Tribal officials deal with hungry bears
FILE GRAPHIC/VALLEY JOURNAL
POLSON — It’s calorie-loading season for bears, and a hungry one can become dangerous as it attempts to stuff its belly before winter.
Last week two mature black bears were put down by tribal law enforcement outside Finley Point Grill after repeatedly getting into the trash near parked cars, with patrons inside the restaurant. “People couldn’t go to and from their vehicles,” Tribal Police Chief Craig Couture said. “Officers chased the animals off, but they kept coming right back to the area.”
The situation was handled by the book, Couture said, and handled well. “When there’s human bear confrontations with a person, we err on the side of caution the whole time, but with problem bears, we deal with it,” Couture said. “We shot the first bear, and the others ran, but it still returned shortly after, so we had to shoot another one.”
Because hunting is closed to non-tribal members on the Flathead Indian Reservation and only a few tribal members hunt black bears, the local bear population is thriving. Within the reservation boundaries, bears often live to old age before dying due to a lack of predators and abundant natural habitat and food, such a berries, Couture said.
But once the huckleberries are gone and fall sets in, the bears seek food within populated areas, even within the city limits of Polson, causing concern for humans and bears.
When possible, bear traps are set after human encounters occur, but bears are found in only one third of every trap set, according to Pablo “Chib” Espinoza, Chief of CSKT’s Fish and Game program. “Some are smart, and won’t go in,” he said. When they do catch a bear, they relocate it to a site away from people, but they can only transport and release the bear within the reservation boundaries.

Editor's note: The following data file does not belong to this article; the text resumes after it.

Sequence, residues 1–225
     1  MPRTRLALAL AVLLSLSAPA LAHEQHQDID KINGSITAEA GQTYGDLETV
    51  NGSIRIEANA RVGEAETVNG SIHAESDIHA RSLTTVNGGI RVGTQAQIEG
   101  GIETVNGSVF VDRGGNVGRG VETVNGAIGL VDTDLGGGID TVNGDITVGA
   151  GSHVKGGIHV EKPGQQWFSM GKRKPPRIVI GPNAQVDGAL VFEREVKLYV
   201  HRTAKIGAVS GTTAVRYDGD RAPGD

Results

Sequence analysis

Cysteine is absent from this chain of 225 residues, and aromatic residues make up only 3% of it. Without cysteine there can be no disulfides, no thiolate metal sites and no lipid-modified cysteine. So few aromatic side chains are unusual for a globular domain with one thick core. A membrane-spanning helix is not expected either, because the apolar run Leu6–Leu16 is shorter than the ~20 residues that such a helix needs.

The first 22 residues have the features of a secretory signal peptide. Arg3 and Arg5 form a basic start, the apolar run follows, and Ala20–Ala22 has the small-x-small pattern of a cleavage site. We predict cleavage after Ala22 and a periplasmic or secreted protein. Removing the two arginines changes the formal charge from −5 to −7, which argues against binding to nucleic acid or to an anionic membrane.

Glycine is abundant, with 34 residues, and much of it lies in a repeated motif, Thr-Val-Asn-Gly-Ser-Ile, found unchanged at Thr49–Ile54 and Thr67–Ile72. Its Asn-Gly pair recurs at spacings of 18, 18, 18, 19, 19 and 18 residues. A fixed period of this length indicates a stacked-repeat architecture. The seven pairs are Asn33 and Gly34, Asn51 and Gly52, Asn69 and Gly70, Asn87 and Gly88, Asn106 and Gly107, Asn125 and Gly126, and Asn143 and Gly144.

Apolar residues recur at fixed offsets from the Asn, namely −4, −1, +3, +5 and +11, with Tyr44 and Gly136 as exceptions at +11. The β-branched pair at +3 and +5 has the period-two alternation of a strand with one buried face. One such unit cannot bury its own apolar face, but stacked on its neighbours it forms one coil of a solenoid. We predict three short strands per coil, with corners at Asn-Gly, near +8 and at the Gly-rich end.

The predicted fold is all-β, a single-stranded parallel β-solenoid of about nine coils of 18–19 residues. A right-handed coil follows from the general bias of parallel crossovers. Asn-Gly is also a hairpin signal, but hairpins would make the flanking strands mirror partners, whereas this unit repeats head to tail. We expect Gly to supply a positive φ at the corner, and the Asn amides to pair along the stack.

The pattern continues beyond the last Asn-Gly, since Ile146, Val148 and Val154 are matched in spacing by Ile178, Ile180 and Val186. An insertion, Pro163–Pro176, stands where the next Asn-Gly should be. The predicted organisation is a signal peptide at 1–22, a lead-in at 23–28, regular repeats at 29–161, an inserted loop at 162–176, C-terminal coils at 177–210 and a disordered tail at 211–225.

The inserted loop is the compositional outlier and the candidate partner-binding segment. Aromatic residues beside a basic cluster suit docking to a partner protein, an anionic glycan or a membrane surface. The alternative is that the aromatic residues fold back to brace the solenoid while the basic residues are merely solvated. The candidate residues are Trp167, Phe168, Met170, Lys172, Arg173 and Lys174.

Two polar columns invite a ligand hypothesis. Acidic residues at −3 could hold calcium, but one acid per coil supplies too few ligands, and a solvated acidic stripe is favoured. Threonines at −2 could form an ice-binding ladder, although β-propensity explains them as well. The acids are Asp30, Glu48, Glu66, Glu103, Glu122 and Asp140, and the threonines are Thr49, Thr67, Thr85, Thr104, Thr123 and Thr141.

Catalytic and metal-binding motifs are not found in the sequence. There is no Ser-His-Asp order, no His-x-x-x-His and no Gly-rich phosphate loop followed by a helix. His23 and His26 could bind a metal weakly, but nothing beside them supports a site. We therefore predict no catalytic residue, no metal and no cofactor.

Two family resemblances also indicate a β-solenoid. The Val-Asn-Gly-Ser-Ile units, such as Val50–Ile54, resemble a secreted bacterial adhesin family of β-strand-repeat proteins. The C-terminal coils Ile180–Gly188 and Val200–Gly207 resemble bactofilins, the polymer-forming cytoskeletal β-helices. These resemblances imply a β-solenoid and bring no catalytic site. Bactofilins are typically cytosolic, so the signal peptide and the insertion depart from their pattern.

“The reservation is not that big, so a bear can come back,” Espinoza said.
Espinoza explained that once a bear is trapped, it can cause the death of the bear by either being killed by another territorial bear where the trapped bear is released, or it can return to being a problem and need to be destroyed.
“We don’t like to do that at all,” Espinoza said. “We are against trapping and shooting, but sometimes it’s necessary.”
Although exact figures won’t be available until later this year, it appears more bear sightings and trap requests have been reported this fall than in previous years, Espinoza noted.
Espinoza said people have to realize that bears are always around. They just don’t notice until they dump over their trash.
The solution is for residents not to have food and other bear attractants out where bears can become a danger to the public, and to protect chicken coops with electric fencing.
Residents can purchase a bear-proof “Kodiak” dumpster. Tribal biologist George Barsch can direct residents where to do that and help set it up, Espinoza said.
“It might get knocked over, but bears don’t get a reward, and you don’t have to pick up garbage,” Espinoza said, adding that bears have not bothered his garbage once he got the dumpster.
Usually it’s the grizzly bears that tear apart residential chicken coops, according to Espinoza, who said Tribal Wildlife Biologist Stacy Courville can offer information about a program that helps residents get funding to set up electric fencing around their coops. For more information, call Courville at 406- 883-2888.